With regards to the disconnected nature of virtual teams the ability to understand someone else on the team can become a significant challenge. According to the NY Times, 43% of Americans worked remotely at some point during 2016. Yet Frey’s work clearly illustrated how virtual environments contain their own nuances for team groupness. As one of the first studies on the subject it was observed how technology impacted the group’s ability to understand each other’s viewpoint even though both groups were from the same company, had physically met in person, and were speaking the same language. The core of the issue identified in that study dealt in part with the natural delay of the technology at hand (Frey, 2003).
Culturally diverse teams exhibit similar challenges. In his book, A Thomas Jefferson Education, Oliver Demille presents the idea that having a national book helps to define a nation. His premise is based on the idea that having a common reference points serves as a starting point to relate to others and create a shared identity. Truly similar backgrounds help to create common ground among group members, but with those from different backgrounds this challenge can be more difficult to overcome. Based on my experience of establishing cross cultural groups in many countries, group members from different cultural background view their current experience as a good way to establish that common narrative then it can increase their successful interactions. It’s hard to consider someone else’s viewpoint when you don’t know what that is, but it’s a subject that most feel comfortable discussing, and that discussion can be the foundation to success.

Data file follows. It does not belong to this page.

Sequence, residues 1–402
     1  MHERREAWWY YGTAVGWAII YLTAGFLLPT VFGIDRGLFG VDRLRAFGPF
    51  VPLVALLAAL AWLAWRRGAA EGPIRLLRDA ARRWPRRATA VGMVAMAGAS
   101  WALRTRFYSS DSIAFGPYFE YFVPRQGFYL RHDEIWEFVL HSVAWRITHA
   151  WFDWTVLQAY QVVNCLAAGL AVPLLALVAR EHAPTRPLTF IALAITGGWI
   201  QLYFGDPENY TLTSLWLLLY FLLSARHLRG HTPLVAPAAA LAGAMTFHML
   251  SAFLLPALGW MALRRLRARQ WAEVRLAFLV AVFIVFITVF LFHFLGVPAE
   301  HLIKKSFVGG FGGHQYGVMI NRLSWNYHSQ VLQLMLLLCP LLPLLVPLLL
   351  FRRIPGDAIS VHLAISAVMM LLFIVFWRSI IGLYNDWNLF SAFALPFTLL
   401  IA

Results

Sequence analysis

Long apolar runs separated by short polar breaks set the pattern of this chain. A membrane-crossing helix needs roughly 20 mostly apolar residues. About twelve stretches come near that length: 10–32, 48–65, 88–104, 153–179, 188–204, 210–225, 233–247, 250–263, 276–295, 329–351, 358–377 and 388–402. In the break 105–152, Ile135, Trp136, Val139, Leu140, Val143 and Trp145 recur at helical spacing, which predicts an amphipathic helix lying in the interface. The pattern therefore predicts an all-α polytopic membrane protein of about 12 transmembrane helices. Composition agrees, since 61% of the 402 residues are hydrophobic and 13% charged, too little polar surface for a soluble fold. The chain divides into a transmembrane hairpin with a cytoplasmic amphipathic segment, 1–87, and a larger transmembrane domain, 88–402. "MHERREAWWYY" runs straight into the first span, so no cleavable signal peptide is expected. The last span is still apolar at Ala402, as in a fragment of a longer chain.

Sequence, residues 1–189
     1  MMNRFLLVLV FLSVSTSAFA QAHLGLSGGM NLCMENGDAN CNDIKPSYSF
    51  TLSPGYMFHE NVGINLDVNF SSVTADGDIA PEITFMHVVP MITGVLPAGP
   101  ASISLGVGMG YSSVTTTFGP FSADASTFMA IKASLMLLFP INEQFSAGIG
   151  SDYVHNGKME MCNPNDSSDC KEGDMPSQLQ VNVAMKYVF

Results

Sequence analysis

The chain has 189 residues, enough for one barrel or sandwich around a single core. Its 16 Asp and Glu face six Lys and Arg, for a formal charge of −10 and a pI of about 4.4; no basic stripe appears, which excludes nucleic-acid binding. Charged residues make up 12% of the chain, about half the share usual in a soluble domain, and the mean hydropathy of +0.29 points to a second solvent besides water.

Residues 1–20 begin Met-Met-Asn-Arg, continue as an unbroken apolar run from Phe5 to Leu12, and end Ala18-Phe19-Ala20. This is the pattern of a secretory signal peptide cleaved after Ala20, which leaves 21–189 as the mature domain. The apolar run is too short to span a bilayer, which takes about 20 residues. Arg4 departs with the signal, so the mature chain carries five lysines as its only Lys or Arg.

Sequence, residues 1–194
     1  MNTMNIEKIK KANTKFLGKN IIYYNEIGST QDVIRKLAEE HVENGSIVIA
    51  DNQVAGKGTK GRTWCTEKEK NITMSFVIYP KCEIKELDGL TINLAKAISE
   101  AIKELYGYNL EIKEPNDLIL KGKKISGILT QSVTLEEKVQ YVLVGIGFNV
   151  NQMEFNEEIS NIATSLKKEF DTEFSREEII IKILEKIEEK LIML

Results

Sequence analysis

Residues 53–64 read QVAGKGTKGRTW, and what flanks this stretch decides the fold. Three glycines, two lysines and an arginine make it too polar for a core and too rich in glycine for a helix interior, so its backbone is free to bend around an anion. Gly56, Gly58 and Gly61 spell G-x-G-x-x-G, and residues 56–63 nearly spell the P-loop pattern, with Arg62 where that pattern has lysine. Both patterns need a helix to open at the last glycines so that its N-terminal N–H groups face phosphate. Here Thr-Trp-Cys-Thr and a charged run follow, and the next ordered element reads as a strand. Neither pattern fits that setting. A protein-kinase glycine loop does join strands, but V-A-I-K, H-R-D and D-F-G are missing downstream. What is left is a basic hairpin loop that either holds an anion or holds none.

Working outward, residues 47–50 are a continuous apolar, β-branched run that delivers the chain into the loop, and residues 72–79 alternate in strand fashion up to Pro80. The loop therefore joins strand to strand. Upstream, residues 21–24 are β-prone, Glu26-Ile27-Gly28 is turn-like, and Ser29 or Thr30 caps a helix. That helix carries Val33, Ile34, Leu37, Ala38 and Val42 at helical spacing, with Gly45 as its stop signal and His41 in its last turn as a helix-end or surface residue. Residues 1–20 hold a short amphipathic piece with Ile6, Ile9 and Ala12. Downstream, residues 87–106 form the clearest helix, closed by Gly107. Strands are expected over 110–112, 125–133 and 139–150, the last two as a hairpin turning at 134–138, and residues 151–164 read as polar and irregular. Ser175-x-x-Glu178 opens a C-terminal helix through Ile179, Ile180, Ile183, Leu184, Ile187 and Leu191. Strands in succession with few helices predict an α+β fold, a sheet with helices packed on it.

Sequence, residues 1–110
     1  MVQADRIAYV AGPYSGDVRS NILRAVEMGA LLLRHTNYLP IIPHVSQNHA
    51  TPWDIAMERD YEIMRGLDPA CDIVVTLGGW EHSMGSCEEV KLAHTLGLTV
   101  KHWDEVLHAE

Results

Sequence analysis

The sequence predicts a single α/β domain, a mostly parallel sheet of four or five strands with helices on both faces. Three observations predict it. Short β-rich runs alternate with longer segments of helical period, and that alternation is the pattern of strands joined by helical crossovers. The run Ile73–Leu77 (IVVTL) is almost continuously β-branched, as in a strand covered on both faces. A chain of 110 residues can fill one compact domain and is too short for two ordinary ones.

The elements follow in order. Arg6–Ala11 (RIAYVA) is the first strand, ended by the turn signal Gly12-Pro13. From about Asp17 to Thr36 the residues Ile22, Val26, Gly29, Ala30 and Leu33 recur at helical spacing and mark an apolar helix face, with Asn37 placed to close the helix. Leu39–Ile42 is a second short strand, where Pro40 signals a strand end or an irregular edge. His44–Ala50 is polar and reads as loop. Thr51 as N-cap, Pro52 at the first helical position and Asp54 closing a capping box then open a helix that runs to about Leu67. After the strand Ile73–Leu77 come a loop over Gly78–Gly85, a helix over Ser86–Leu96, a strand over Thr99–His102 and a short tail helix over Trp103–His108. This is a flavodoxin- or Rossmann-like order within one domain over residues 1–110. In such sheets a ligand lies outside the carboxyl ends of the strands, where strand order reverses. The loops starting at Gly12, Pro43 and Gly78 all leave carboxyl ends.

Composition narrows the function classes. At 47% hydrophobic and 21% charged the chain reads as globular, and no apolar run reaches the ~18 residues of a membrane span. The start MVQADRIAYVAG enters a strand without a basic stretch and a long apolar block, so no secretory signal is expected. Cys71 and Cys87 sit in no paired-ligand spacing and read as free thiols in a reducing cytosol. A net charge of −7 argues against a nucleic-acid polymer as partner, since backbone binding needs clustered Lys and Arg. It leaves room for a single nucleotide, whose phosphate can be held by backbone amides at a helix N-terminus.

Generationally diverse groups not only have the problems of an uncommon heritage, they also have the challenge of dealing with individuals of varying technical abilities. Language is very much a communication technology and older generations have impressed me by their ability to employ language with expert tone and inflection. In environments where tone and inflection are lost (such as email) their skills can fall below the required task for communication. This will often lead inexperienced individuals to judge those as older as less capable instead of valuing the skills they do have. Perspective taking is certainly apt in this situation as it forces those with potentially cynical perspectives to look for the good and contributions of others.
Regardless of the origins of the challenge in virtual teams, cross cultural teams, or gender diverse teams, perspective taking is an important skill to be applied to any group environment.
Frey, L. R. (2003). Group communication in context: Studies in bona fide groups. Mahwah, NJ: Routledge.